After leaving the governorship, Pataki joined the law firm Chadbourne & Parke in New York joining their renewable energy practice. He continued to flirt with a possible bid for President. After ruling out a presidential campaign, Pataki retained his political action committee, which he could legally use to further his own views and other political interests. In addition, Pataki has formed an environmental consulting firm with his former chief of staff John Cahill, the Pataki-Cahill Group and work with the Council on Foreign Relations on climate change issues. In the climate change issue, he is working with former Iowa Gov. Tom Vilsack. He also serves as the Vice-Chairman of the board of directors for the American Security Council Foundation.
Pataki holds an amateur radio license.
In September 2007, President George W. Bush appointed Pataki as a United States delegate to the 2007 United Nations General Assembly session. In this capacity, Pataki attended various meetings of the UN General Assembly and GA committees on behalf of the United States, during the annual GA session. When he was appointed to the post, to which he was confirmed by the United States Senate, Pataki announced he was planning on focusing on climate change and terrorism issues while at the UN. The UN post lasted for the length of the annual GA session.
The Governor George E. Pataki Leadership and Learning Center, located in Peekskill, New York, is designed to educate schoolchildren on government using Governor Pataki's public service as an example. Charles A. Gargano, Pataki's former economic development chief, led the effort to create the center. On August 14, 2008, the New York Times announced that the center's sponsors had "filed paperwork with the State Department of Education and are trying to raise $500,000 for a start-up fund so they can open the center in the fall." The center held Governor Pataki's official portrait, which was moved to Albany at the end of 2009. The center has three directors: David Catalfamo, the governor's former communications chief; Kimberly Cappelleri, Libby Pataki's former chief of staff; and, Amy Holden, former executive assistant to the governor.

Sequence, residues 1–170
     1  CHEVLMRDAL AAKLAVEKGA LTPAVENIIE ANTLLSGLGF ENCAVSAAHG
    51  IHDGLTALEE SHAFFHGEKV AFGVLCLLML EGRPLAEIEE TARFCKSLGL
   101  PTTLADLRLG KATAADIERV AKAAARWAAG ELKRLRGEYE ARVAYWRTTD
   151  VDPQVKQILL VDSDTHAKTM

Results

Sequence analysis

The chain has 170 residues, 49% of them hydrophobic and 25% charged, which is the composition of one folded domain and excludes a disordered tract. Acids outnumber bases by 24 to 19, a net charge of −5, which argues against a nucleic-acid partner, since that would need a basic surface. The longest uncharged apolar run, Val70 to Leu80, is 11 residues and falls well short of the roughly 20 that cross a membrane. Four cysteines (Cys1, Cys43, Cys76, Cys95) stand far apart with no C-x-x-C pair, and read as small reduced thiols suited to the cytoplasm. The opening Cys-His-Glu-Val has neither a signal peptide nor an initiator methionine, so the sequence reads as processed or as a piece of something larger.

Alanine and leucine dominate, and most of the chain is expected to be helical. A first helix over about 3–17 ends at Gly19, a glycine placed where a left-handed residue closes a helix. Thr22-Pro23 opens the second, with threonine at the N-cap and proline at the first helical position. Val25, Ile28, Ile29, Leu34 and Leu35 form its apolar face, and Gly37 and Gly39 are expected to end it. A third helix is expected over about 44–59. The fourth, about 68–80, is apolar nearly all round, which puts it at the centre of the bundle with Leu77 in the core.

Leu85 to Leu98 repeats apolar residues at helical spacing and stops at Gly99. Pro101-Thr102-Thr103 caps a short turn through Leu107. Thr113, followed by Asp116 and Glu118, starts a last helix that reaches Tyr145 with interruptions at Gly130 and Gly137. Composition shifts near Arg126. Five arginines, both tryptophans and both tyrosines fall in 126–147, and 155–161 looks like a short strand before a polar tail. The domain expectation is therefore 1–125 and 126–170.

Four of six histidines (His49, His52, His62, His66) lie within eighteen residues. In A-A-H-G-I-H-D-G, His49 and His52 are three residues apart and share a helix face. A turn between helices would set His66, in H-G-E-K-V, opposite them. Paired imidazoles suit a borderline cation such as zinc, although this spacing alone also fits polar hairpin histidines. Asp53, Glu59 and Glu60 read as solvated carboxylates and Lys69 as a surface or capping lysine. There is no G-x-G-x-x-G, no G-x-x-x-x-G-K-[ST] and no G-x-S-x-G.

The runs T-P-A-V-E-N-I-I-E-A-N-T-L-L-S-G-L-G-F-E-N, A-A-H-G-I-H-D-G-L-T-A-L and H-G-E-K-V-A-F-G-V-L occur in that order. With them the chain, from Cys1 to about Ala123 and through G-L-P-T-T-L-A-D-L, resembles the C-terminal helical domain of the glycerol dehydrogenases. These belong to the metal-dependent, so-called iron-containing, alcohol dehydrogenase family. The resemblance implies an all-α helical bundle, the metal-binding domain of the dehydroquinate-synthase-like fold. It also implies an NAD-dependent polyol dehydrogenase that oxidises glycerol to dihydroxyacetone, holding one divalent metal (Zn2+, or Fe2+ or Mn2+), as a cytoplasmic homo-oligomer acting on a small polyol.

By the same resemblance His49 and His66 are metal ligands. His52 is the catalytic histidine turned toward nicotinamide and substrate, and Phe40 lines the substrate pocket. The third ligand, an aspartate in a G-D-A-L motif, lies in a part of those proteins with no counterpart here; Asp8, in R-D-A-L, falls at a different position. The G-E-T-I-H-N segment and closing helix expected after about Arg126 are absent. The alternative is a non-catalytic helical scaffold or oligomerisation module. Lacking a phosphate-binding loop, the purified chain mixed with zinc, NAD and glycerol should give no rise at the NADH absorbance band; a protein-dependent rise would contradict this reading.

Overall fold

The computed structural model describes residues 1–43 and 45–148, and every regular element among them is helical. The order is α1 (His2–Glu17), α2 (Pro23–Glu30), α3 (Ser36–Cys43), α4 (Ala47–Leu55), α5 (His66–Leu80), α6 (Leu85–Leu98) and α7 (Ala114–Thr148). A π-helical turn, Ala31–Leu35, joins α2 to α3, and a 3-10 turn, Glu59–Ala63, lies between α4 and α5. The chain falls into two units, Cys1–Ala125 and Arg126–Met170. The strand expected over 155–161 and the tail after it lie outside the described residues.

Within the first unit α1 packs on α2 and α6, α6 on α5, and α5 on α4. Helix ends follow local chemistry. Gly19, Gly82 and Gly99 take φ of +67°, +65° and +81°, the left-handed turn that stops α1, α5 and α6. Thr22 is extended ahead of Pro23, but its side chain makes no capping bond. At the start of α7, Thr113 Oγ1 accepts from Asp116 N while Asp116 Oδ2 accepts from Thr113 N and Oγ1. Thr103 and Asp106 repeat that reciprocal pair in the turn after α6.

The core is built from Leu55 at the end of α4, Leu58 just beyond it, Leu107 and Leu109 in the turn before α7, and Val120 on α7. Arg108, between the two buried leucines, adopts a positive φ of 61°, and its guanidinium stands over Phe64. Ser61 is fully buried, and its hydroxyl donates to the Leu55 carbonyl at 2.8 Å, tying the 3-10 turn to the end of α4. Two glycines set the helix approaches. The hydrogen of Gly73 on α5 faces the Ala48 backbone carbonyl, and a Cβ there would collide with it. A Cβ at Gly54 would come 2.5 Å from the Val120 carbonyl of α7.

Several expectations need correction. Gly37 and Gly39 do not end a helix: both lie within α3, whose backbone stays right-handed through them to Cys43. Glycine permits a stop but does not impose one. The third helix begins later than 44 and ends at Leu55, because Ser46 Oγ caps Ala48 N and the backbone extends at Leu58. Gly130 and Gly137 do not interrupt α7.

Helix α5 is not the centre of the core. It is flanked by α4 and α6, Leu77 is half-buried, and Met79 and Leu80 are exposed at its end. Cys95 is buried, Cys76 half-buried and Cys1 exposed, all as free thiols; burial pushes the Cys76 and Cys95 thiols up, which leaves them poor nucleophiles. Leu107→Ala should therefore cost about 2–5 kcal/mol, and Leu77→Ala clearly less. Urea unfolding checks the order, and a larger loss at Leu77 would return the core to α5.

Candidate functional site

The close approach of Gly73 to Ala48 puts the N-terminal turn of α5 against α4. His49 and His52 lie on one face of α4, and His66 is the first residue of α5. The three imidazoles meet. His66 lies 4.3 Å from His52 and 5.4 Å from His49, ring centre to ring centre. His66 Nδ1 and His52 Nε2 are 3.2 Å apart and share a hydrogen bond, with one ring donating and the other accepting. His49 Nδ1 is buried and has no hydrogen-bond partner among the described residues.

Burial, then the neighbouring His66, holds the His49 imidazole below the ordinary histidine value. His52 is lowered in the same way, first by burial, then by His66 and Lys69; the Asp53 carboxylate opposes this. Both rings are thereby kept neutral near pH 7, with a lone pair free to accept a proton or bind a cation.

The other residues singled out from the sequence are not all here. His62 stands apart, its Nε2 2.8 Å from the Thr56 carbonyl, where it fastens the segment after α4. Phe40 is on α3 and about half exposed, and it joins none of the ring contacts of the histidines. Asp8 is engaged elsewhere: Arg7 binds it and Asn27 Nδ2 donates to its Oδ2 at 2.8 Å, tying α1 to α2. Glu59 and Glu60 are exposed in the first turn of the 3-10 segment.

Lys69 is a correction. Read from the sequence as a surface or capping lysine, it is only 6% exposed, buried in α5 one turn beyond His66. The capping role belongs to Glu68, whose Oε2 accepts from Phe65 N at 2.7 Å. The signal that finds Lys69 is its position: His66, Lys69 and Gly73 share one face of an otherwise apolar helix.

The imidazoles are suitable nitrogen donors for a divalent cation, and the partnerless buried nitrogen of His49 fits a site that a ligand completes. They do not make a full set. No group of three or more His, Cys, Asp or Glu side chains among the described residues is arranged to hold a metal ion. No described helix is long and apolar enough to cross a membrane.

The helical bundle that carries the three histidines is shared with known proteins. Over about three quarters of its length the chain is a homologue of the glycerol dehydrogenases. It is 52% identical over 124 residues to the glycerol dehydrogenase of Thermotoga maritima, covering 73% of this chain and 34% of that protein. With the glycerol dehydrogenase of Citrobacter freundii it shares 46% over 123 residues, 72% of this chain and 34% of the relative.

On February 19, 2009, the Associated Press reported that Pataki had been approached by Sen. John Cornyn, head of the Republican Senatorial Campaign Committee, about a possible 2010 run for the U.S. Senate seat to which Kirsten Gillibrand had been appointed. On November 4, 2009, George Stephanopoulos, host of ABC News This Week, claimed "Pataki has told at least one major GOP donor in private that he is not interested in becoming a senator at the age of 64 and would rather run for president in 2012". On November 5, the Queens Village Times reported:
At the state level, there is increasing speculation that former Republican Gov. George Pataki will be challenging U.S. Sen. Kirsten Gillibrand (D-N.Y.), who was appointed to fill out the term of now-U.S. Secretary of State Hillary Clinton. Several weeks ago Pataki ... gave the impression of being a man beginning a serious political comeback. If that contest takes place, we will have a former three-term governor running for a U.S. Senate seat. ... Pataki will be running as the Republican and Conservative candidate in addition to possibly obtaining the nomination of the Independence Party.
On April 13, 2010, Pataki confirmed that he would not run against Gillibrand.
In November 2009, Pataki traveled to Iowa, sparking speculation. Ending months of speculation, Pataki announced on August 26, 2011, that he would not run for the Republican presidential nomination.
Pataki announced in April 2010 that he was creating a nonprofit organization, Revere America, that would advocate repeal of the recently enacted United States Patient Protection and Affordable Care Act, which he said was a "horrific" and costly bungle. As of 2014, the organization is defunct.
On May 28, 2015, Pataki formally announced his campaign for the Republican nomination for President of the United States. After having considered, but deciding against a run in both 2008 and 2012, the 2016 election was Pataki's first federal-level campaign.